Moreover the example of interesting prosperity for the direct application for solution (11) (see also (12)–(18)) may be done in the connection of the results [46], where the description of light propagation in a nonlinear medium on the basis of the Burgers-Hopf equation is done.

Indeed, in [46], the model of light propagation in weak nonlinear 3D Coul-Coul’s medium with small action radii of nonlocality is represented. In [46], it was stated that in the geometric optic approach, this model is integrated and described by the Veselov-Novikov equation which has a 1D reduction in the form of the Burgers-Hopf equation. The last equation is considered in connection with nonlinear geometrical optics when 1D reduction is made for the case when the refractive index has no dependence on one of the space coordinates. It is important when the property of nonlinear wave finite-time breakdown for Burgers-Hopf solutions is considered in the application to the case of nonlinear geometrical optics. These solutions are useful for modeling of dielectrics which have impurities which induced sharp variations of the refractive index. Indeed, in the points of breakdown, the curvature of the light rays obtained discontinues property as it takes place at the boundary between different media [46].

In [46], the only hodograph method is used for the Burgers-Hopf (or Hopf equation which is obtained from the Burgers’ equation in the limit of zero viscosity) equation solution in this connection. Thus the direct analytical description of the 1D–3D solutions to the Hopf equation in the form (11) gives the new possibility also for the nonlinear optic problem which is considered in [46]. For example, according to this solution, it is possible to obtain the important effect of avoidance of finite-time singularities when viscosity or friction forces are taken into account (when condition (18) takes place for the case of external friction).

## 2. Conclusions

Here we represent some examples where hydrodynamic methods and solutions may be useful for different problems in nonlinear optics. In these examples, the medium itself has the first degree of importance in realization of all mentioned phenomena. Indeed, the main future of the Vavilov-Cherenkov radiation is that the medium is the source of this radiation instead of any kinds of bremsstrahlung radiations by moving charged particles. The VCR theory presented here for the first time takes into account the real mechanism of VCR by the medium itself, excited by a sufficiently fast electron. It can also be shown only from the microscopic theory, but not from the macroscopic one stated in [16]. The first step in this direction was made in [47] also on the basis of the Abraham theory where it is proposed that the Vavilov-Cherenkov radiation is emitted by the medium in a nonequilibrium polarization state which is arising due to the parametric resonance interaction of the medium with a fast-charged particle.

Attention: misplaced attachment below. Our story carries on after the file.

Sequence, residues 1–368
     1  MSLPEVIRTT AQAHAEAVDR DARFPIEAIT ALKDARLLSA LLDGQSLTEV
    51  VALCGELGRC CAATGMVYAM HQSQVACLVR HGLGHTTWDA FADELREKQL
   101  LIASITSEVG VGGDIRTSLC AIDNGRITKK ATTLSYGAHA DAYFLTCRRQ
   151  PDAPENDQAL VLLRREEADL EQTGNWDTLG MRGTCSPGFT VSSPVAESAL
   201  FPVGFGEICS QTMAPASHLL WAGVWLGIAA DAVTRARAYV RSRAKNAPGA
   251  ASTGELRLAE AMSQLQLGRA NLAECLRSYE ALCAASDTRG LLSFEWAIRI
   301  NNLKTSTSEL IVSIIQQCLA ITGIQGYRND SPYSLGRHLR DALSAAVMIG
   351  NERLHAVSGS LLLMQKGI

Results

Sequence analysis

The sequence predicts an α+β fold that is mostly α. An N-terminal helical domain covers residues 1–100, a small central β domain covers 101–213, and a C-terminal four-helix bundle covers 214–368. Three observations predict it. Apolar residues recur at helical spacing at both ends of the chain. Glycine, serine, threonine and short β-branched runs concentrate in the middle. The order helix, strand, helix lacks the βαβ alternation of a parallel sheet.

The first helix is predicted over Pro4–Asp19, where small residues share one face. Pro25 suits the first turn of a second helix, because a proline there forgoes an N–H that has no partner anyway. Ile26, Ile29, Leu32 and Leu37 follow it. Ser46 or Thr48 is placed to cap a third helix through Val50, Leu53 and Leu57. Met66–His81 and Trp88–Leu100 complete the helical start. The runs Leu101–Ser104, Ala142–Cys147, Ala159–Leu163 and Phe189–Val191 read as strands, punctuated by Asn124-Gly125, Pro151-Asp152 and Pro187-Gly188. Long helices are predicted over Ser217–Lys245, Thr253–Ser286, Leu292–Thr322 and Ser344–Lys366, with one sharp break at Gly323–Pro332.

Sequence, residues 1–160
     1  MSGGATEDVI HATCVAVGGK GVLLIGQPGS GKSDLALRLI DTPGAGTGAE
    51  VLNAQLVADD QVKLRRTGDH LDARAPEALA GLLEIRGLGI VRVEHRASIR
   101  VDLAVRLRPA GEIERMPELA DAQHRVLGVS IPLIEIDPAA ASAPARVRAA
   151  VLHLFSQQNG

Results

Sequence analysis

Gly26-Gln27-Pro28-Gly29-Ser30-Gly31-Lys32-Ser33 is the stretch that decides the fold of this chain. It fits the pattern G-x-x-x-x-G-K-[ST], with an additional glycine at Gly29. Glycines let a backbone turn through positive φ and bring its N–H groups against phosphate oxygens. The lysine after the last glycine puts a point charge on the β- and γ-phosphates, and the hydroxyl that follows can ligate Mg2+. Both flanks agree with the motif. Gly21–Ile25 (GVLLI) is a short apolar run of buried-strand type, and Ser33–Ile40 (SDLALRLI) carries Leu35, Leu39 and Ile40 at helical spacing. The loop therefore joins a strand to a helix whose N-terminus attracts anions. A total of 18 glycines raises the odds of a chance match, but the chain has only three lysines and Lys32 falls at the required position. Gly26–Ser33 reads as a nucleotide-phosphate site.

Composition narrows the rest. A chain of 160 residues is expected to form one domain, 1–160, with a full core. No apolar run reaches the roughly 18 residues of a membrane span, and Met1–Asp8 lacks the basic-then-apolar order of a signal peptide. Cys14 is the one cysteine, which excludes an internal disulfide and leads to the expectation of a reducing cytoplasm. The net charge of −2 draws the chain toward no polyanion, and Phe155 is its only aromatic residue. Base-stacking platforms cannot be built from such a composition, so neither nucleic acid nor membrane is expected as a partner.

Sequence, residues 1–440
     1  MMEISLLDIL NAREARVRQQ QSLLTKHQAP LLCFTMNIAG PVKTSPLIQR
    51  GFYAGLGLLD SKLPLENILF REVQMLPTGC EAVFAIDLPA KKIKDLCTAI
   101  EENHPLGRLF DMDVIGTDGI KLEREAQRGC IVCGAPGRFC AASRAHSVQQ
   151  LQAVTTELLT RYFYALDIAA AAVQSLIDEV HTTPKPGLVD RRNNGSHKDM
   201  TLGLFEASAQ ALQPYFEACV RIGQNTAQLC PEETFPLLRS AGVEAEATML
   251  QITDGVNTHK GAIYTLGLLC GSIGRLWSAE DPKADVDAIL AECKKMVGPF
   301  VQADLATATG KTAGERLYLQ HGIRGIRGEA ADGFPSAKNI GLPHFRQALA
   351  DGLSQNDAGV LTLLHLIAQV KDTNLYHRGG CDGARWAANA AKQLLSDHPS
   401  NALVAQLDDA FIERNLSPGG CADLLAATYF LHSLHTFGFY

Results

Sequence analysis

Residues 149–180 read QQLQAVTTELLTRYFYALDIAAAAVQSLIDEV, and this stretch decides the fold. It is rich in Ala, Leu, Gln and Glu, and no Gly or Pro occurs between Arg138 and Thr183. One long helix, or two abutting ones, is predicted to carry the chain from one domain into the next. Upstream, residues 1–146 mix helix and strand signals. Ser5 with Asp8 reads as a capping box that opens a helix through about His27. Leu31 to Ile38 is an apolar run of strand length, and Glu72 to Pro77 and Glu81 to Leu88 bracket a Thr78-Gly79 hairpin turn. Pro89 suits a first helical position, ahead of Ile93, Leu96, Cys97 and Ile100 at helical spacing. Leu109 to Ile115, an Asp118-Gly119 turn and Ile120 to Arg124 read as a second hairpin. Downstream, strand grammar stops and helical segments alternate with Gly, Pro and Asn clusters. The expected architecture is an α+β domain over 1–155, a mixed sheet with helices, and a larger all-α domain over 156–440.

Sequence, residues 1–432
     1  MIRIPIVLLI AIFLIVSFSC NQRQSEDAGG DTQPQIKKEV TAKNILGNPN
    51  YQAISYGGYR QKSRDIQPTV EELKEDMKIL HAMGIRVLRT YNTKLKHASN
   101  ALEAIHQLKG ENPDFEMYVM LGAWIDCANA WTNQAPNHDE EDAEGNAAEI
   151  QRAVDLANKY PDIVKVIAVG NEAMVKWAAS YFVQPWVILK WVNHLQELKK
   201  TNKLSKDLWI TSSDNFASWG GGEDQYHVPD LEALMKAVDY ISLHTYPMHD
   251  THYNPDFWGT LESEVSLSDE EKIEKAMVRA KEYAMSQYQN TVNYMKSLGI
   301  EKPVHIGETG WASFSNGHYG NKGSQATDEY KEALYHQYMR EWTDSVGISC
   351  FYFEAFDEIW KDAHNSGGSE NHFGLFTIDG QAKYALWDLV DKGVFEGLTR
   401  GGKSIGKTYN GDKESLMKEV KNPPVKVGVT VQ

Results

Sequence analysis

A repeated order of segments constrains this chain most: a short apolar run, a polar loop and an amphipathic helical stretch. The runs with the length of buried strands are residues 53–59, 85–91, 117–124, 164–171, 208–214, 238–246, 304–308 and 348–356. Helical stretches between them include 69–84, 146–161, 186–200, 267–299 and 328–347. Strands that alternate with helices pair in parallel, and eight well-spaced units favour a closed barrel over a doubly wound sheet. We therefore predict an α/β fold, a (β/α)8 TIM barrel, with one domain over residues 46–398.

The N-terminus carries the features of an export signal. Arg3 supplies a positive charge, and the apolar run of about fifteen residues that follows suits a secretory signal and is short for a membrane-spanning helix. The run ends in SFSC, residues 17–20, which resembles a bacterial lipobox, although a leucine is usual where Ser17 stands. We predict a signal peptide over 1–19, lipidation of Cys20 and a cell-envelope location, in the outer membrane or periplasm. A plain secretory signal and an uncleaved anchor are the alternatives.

The second example, which is represented here, also gives new perspectives on the basis of the new exact solution (in the Euler variables) for n-dimensional Hopf equation because this equation is known as the possible model for weak nonlinear optic problems [46]. The importance of the new solution is connected with its Euler form in dependence from space variables, which are not represented in the solution of the Burgers-Hopf equation well known before (see [45] and others).

The Appendix presents a procedure for deriving the exact solution of the 3D Hopf equation.

The Hopf equation in the n-dimensional space (n = 1..3) is as follows:

When the external friction coefficient tends to zero in Eq. (4),

In the unbounded space, the general Cauchy problem solution for Eq. (19) under arbitrary smooth initial conditions

Eq. (19) may be represented in an implicit form as follows:

In (20),

In (21), the matrix

To infer (21), it is necessary to use the following delta-function property that is true for any smooth function